Monitor Breakfast: Mitchell Daniels

Selected quotations from a Monitor Breakfast with Office of Management and Budget Director Mitchell Daniels.

On Bush administration budget priorities:

"What this finally comes down to, really, is how much priority one attaches to debt reduction. At the bottom, that is what it all comes down to. And this administration places a high priority on that. That is what happens with surpluses – if they are bigger, we reduce more debt, if they are smaller we reduce less debt. All I can say is that this administration – this president – still believes that is a very important goal. But there are at least three things more important – fighting terror, defending the homeland, regenerating economic growth in the short term which, by the way, is the best long term way to get back to big surpluses."

On his conversation with Enron CEO Kenneth Lay:

"One conversation, two minutes , no discussion of policy. He asked what I thought the prospects were (for economic stimulus legislation). He obviously came to the worst place in Washington for insight because I gave him a totally incorrect prediction. I thought the Congress would ultimately pass something."

On the outlook for federal budget deficits:

"We will have – are likely to have a small deficit – historically very small – in the year we are in now, 02, and the year we are about to propose, 03. We have a fighting chance, an excellent chance, of surplus in the year after that and beyond. And obviously the president believes the tax cut is conducive to long term fiscal health, part of a solution, and we think it ought to be left as it is so it can have its positive effects over time and people can plan on it."

On agencies repackaging programs as helping homeland security:

" soon as it became clear we were gong to see $40 billion of emergency money – half of which was for domestic purposes, half for the war – creativity blossomed all over town. We were literally flooded. At one point we were able to count $300 billion of suggestions. I hate to point fingers but if you want. I do remember that among the very first ones to arrive – they were very quick – was one to instensify security at the Bureau of Indian Affairs , a well known terrorist target. Also a lot of requests for unspecified enhancements at court houses all over America."

On calls to postpone tax cuts congress has enacted.

"The tax cut as it was passed, one would have to say, was very cautious. Because if the surpluses are not there, Congress will have multiple opportunities, if the majority thinks it is wise, to raise taxes. Those tax cuts are not coming out ahead of the surpluses, quite the opposite. I will contrast that to what perhaps Senator Kennedy will say at noon. If you doubt the value of long term forecasts, then don't spend the money before the revenue proposals they are supposed to match."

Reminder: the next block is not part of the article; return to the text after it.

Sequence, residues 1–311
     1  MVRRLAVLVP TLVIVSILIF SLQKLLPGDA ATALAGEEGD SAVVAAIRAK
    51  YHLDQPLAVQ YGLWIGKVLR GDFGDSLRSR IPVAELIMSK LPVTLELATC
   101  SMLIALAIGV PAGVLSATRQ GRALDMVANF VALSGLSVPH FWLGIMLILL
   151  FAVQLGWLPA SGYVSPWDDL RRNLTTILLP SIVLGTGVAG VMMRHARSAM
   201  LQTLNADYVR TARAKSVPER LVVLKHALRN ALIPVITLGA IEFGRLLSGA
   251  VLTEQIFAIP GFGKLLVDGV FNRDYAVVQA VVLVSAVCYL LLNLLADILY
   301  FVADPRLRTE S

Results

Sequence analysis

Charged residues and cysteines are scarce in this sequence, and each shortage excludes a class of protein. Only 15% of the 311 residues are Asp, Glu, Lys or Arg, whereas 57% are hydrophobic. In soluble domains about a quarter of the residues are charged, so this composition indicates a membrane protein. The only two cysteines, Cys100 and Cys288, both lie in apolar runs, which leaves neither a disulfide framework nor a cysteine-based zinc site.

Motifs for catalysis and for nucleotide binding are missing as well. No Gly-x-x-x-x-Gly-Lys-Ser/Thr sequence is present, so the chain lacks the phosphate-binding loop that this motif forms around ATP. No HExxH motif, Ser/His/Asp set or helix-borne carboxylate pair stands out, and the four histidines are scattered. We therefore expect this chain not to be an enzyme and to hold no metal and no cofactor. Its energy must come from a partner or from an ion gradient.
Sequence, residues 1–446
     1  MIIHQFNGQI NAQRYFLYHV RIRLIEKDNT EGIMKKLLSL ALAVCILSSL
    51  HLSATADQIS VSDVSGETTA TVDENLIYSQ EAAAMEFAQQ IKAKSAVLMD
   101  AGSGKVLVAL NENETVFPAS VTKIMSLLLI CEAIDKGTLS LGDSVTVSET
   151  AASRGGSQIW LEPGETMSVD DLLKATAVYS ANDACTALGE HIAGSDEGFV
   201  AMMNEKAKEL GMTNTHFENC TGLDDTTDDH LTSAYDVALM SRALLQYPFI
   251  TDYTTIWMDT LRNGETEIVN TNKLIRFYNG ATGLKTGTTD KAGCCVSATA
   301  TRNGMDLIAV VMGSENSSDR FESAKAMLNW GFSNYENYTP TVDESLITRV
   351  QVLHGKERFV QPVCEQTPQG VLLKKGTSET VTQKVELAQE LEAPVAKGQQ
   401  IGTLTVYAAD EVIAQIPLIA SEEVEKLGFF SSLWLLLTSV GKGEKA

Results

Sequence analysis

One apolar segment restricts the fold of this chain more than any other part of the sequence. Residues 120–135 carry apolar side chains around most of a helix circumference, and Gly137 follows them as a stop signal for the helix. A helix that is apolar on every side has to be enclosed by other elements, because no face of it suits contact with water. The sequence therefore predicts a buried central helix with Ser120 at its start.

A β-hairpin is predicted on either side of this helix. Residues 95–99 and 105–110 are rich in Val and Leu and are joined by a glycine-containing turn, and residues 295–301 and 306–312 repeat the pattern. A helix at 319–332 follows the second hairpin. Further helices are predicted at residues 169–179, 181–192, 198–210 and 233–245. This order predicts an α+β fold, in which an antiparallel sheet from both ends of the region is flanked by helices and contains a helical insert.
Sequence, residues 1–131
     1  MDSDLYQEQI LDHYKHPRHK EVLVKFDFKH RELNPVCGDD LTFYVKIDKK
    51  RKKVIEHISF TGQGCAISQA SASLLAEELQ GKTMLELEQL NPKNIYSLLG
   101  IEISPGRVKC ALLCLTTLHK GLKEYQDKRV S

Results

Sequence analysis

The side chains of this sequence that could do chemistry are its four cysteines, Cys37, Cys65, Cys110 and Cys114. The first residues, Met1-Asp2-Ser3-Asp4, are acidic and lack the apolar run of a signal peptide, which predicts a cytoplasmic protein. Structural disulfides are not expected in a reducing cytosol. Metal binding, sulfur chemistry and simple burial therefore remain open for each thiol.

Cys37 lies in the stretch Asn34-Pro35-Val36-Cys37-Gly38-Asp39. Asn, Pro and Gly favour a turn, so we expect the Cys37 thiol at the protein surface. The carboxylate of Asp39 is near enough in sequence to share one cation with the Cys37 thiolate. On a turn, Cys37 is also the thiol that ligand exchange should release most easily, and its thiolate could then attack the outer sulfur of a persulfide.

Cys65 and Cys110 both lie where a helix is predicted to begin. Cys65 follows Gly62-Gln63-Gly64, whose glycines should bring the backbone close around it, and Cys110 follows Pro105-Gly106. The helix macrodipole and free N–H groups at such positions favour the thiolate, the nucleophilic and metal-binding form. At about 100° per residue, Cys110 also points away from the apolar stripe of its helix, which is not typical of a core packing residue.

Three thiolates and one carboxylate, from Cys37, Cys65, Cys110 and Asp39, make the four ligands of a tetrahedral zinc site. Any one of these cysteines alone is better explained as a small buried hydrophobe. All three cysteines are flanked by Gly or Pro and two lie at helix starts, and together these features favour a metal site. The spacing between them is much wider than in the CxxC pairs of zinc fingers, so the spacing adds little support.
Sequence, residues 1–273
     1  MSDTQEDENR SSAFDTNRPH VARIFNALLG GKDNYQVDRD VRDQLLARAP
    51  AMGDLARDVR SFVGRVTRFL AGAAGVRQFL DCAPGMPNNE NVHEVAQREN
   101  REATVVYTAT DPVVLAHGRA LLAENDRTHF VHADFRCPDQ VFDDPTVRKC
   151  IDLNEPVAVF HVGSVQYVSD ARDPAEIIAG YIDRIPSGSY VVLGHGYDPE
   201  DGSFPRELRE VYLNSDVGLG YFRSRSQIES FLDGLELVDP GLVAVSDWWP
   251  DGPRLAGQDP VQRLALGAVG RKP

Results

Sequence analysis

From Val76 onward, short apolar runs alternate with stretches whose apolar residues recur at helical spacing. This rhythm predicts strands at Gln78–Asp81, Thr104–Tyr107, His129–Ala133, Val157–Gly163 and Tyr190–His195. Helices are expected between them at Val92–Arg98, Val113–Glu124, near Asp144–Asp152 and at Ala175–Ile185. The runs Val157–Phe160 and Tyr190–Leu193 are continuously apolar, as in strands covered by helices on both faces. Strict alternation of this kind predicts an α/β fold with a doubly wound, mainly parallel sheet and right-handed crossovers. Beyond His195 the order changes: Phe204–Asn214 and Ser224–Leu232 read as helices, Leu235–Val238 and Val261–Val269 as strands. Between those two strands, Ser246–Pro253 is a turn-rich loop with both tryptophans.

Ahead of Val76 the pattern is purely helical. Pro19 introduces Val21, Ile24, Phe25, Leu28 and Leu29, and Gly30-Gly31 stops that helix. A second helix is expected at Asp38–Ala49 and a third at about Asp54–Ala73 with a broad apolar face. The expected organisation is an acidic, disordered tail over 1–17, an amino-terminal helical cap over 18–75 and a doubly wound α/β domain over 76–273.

On big winners in the new budget:

"We would roughly double the amount of money spent on what we now think of as homeland security. The base of that is in the neighborhood of $12-13 billion. It will be a major step forward. It will pay for that list of things Governor Ridge has identified as necessary and recommended to the president. Our starting point in constructing this year's (budget) submission was to take the president's direction that we are in a two front war and that winning it and defending the physical safety of Americans is the first priority of government and we will do what is necessary. The rest of government will need to take second place and to be restrained in order that we keep the totality of the budget to a reasonable level. Homeland security along with the reconstruction of our defense base will be the two big additions you will see."

On a proposal by Senator Edward M. Kennedy (D-Mass.) to postpone future tax cuts to support improvements in Social Security and Medicare:

"Nothing about what we understand he will say...does anything to improve deficits – quite the opposite. He wants to spend all this money and apparently get going on that theme. If you spend the money before it allegedly arrives, you probably do not improve your net situation. The things he is naming will all be part of the president's budget."

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